I think the AFCI generally manages member needs quite well, though there is a recognised need for improvement. I think we could add value to member experience by increasing our presence in Hollywood.
“Whilst delivering the Produced By Conference and the Locations Show is clearly the most pressing requirement right now, I have therefore also started work on unpacking the AFCI’s Strategic Plan and developing what I’d like to think are some pretty bold strategies and interventions for the way forward. I’ll be presenting the basics to the Board in June and we’ll go from there.”
Anything in particular he’d like to share? “It’s early days,” he says, “But I think the AFCI generally manages member needs quite well, though there is a recognised need for improvement. I think we could add value to member experience by increasing our presence in Hollywood – and by becoming a genuine go-to agency for productions wanting to work on location. That can be developed. But I think there is great opportunity for the organisation to provide film commission services in countries that will become economic powerhouses in the next decade.
“Living most of my life in the developing world, I have a very keen interest in the economics of development and I’ve been really fascinated with the rise of the BRICS countries – Brazil, Russia, India, China, South Africa – and the future rise of the so-called ‘next eleven’ - Bangladesh, Egypt, South Korea, Turkey, Mexico, Pakistan, Indonesia, Nigeria, the Philippines, Vietnam and Iran. Many of these countries already have strong film industries, so film commissions would be a solid next step. As an example, there are 922 islands that make up Indonesia. If just 10% of those islands created film commissions it would add 20% to the global AFCI membership roster.”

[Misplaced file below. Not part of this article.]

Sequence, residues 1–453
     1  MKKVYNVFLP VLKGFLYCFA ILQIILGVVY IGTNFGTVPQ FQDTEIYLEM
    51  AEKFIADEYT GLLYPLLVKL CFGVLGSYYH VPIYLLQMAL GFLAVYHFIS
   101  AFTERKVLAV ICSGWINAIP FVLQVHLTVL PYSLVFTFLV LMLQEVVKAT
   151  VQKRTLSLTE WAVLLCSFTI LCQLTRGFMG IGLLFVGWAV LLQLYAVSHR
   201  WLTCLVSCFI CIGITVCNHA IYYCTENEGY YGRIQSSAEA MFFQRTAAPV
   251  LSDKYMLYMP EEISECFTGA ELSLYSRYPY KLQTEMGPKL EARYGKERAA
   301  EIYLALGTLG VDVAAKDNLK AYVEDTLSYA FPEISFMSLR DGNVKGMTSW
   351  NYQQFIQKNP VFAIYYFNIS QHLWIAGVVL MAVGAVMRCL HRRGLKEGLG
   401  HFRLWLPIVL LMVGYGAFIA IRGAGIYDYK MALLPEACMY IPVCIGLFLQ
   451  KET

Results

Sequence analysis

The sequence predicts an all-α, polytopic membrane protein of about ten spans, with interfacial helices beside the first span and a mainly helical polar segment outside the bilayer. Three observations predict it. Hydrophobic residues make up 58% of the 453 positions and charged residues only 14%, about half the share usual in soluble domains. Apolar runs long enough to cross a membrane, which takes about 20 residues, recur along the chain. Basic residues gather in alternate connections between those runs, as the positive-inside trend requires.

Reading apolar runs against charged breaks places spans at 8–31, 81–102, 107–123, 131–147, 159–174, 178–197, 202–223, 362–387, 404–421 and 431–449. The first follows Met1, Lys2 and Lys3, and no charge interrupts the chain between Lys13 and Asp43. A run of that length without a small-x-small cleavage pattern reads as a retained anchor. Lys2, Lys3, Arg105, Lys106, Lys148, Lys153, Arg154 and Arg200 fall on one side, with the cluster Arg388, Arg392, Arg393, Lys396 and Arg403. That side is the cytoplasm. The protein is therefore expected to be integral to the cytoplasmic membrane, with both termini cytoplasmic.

I’m contemplating running ‘mini-posiums’ that mimic the big Cineposium event in regional centres all around the world. These may be smaller events, but they would build new relationships, stamp our authority into new areas and drive new memberships.
The AFCI is well known for phenomenally successful events and the AFCI Locations Show (this year held in association with the PGA’s Produced By conference) and the AFCI’s educational event Cineposium (which this year is in Paris) are essential annual dates for film business people. But even here, Martin considers that there are opportunities for the organisation to step up to the world stage by expanding what it does best.
“The AFCI board, the membership and the staff have so much knowledge and so many connections. We could use it more. I am considering a concept to partner more strategically with regional film commission associations; I’m contemplating running ‘mini-posiums’ that mimic the big Cineposium event in regional centres all around the world. These may be smaller events, but they would build new relationships, stamp our authority into new areas and drive new memberships. Again, I’ll flesh out the ideas and present to the Board this June.”
So, if Martin Cuff gets his way the AFCI can look forward to some game-changing policies in 2012 that will mean a much bigger profile in a country near you.